Since I have to travel home for Christmas every year, it just makes no sense to cart all that stuff home with me when I fly, so I just wrap it all when I get there. On the birthdays, I even skip having Amazon wrap it ($4!! Whatever!) and either mail it to my Mom for wrapping (she doesn't mind) or just send it straight to the parents and tell them they can either wrap it or tell the kid that opening the box is the unwrapping part. LOL! The kids and my siblings don't mind. Just thought I'd pass that along in case it helps anyone out.

  • Jan says:

    I live far, far away (same galaxy though), and choosing and shipping became too complicated. Not to mention the risk of someone else giving the same gift. Now that we're all grown (even the grandkids!), my father came up with a good solution. He said, "Take the money you would spend on us and buy yourself something nice, we'll do the same." The philosophy has spread like wildfire through the family. We're all happy, getting what we want and the Christmas stress level has dropped considerably.

  • Ann says:

    I have always been very minimal in my xmas shopping – unless there is a clear awesome gift that I want to give that would just be *perfect*, my friends and fam get nice, little things. This year my special gift was a package of chiropractic visits for my brother (no insurance, much neck pain). It made him cry. So worth it!
    My son just turned 1, so the grandparents and great-grands are getting "Finn's First Year", a great photobook I made online, cost appx $25. My friends are getting credits to Donor's Choose and homemade rice socks (they go in the micro for a few seconds and become a heating pad). Their kids are getting the same but made into cute critters. Cost is under $5 per sock. My little cousin and nephew will get a toy and an outfit, and my DH will get some fun used CDs and PS2 games. Easy, stress-free.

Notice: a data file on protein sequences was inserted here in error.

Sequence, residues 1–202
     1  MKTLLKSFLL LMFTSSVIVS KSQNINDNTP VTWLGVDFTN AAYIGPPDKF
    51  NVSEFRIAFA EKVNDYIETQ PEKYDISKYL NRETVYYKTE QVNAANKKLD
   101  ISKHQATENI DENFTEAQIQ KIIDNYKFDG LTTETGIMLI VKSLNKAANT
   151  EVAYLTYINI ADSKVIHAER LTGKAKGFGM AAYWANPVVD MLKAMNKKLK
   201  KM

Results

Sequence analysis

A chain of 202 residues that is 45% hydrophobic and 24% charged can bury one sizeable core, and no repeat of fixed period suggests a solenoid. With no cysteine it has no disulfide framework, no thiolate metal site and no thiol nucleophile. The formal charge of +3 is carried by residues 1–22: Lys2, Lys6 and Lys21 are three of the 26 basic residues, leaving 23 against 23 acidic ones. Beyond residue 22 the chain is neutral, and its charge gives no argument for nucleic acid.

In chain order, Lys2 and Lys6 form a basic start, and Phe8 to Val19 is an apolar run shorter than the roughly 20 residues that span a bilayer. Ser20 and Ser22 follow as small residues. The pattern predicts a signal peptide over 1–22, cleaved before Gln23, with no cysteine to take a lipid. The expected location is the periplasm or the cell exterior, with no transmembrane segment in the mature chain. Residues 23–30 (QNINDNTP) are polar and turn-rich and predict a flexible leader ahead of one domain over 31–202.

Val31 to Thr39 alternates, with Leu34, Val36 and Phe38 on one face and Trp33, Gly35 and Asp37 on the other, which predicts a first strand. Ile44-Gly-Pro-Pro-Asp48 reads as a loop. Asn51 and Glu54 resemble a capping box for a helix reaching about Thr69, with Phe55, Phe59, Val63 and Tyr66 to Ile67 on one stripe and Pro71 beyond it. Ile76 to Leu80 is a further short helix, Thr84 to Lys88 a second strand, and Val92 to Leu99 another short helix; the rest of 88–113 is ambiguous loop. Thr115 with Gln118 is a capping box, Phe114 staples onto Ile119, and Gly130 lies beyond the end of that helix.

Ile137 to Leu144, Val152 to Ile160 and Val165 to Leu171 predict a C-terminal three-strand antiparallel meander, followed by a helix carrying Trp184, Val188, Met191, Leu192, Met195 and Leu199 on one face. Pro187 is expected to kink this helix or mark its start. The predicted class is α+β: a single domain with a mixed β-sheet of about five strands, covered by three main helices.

• Kristen says:

    Re: gift cards, whether to a store or general Visa or AmEx gift cards. Just be sure that the person will actually use them within the contstraints of any particular card. One year for Christmas my fam decided to give Target cards to my sister, because she had her eye on a Target dining set. Well, huge hoops to jump through to use them, because said dining set was only available online from Target.com, which only allows you to use 4 gift cards at a time. And in store Customer Service can't/won't help with that. So even though she had over $400 in gift cards, the max she could use toward the dining set was about $120, because we'd given her all smaller denominations. She ended up in the store using the $20 and $40 gift cards to buy one big $400 gift card before she could actually buy the dining set online.

    Another gift gone wrong: I recently threw away 4 $50 AmEx gift cards my hubby had tucked away, because they expired before he used them! Nothing like throwing away $200, just because he'd rather wait to buy something "special" (and end up getting nothing) than use them for groceries or home repairs.